Traditionally most courses in Higher Education institutions are devised predominantly by academic staff who are the experts on the subject that is going to be taught. It has long been recognised, however, that academics are not necessarily professionally trained in how students best learn. Much is left to the academic’s intuition and ‘what feels right’ when doing the teaching.
A better way forward is to include teaching teams in the process of course design, so that different perspectives and expertise are brought into the designing of learning experiences. The academic is still front and centre, of course, but the inclusion of other voices ensure that the learning for students takes full advantage of the resources available and the best approaches for learning to take place.
In #LTHEchat 245: Teaching Teams, we take a look at the complexities of the relationships between the academic teachers, developers (such as learning designers and technologists), librarians, careers, health and wellbeing, and other services that can (or perhaps should) be part of a course design process.
This is a subject that I considered alongside David Baume for a forthcoming chapter on course design. Here, we thought about the tensions between the separate roles that might occur in a teaching team situation. We considered how learning designers and technologists (myself included) can sometimes struggle to collaborate well with the academic teachers, because we have different priorities for how the teaching might occur. A good working relationship can take time to form but often there just isn’t time to do that. In the chapter we wrote:
The academic may retreat in apprehension back to the, perhaps relatively modest, range of learning and teaching methods with which they are familiar in in-person education. This may feel safe. However, not all methods used in in-person education have a natural, appropriate counterpart in the VLE. The long lecture is a good example, even when transcript and recording are provided. A long lecture can still be a somewhat pre-Gutenberg, let alone pre-worldwide web, experience, despite the use of PowerPoint.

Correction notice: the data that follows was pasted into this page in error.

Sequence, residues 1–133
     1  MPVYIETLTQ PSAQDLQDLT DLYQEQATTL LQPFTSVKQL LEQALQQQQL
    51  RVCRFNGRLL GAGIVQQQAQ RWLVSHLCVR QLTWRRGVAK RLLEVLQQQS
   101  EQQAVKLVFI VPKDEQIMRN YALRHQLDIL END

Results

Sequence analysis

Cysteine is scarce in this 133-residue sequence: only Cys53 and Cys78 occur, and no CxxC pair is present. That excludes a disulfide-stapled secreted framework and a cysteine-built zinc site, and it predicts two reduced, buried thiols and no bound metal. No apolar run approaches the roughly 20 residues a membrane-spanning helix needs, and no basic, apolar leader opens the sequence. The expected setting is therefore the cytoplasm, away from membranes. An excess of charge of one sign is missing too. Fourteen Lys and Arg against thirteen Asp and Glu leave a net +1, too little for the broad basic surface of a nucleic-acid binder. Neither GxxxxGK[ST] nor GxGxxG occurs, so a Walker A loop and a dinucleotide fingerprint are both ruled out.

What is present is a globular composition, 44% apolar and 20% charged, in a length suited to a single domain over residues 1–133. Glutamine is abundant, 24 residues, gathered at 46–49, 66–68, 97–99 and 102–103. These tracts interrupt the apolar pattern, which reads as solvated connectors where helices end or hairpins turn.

Also, not all of the methods used in in-person education may be particularly effective, or have a particularly sound educational rationale, even in person. These teaching methods may be familiar, even sometimes comfortable, to teacher and students, rather than being of proven effectiveness, so new and potentially valuable and appropriate teaching and learning methods may not be adopted online. The course, and the students, may be much poorer as a result.
Alternatively, the academic may rush to embrace new methods, perhaps with mixed results in the absence of a sound rationale for choosing particular methods. A productive relationship between learning technologist or learning designer and lecturer may take some time and effort to develop and maintain. They cannot fully become members of each other’s world, but some mutual respect, preferably evidence-based respect, is essential for the development of good online education.
Mutual respect is important, but what else is needed? There are many questions here, and plenty of challenges. How do you already work with other roles in your institution? How might these collaborations become more effective and enjoyable? What would be the ideal?
Matthew Phillpott is a writer, educator, and historian with expertise in online, face-to-face, and hybrid training solutions and digital teaching practices. Matthew is currently working freelance, including at the University of the Arts London, and previously worked for the University of London. Matt is a Fellow of the University of London Centre for Online and Distance Education (CODE). You can find out more about Matt on his website or connect via Twitter @mphillpott.